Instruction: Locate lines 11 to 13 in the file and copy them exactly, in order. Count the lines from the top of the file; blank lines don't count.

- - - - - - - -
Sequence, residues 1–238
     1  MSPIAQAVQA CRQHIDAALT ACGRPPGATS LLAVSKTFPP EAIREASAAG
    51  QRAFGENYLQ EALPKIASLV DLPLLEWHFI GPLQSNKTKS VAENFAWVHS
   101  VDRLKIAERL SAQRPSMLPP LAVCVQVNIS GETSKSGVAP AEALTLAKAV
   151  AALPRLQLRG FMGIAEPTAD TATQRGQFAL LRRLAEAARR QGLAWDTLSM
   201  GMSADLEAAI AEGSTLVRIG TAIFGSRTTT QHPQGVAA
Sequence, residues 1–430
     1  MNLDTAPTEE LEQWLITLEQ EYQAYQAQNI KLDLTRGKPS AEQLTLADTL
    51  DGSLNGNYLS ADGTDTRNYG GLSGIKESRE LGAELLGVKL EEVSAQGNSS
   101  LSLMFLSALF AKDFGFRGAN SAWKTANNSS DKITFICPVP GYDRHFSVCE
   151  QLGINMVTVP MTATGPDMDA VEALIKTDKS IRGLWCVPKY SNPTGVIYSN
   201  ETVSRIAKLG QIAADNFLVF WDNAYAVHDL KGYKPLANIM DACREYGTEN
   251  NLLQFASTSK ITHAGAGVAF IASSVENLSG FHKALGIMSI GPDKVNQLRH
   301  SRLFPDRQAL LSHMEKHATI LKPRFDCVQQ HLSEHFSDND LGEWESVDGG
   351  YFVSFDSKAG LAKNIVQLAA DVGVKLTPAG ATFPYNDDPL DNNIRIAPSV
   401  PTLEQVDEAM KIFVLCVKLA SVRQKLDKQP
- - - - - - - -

   151  QLGINMVTVP MTATGPDMDA VEALIKTDKS IRGLWCVPKY SNPTGVIYSN
   201  ETVSRIAKLG QIAADNFLVF WDNAYAVHDL KGYKPLANIM DACREYGTEN
   251  NLLQFASTSK ITHAGAGVAF IASSVENLSG FHKALGIMSI GPDKVNQLRH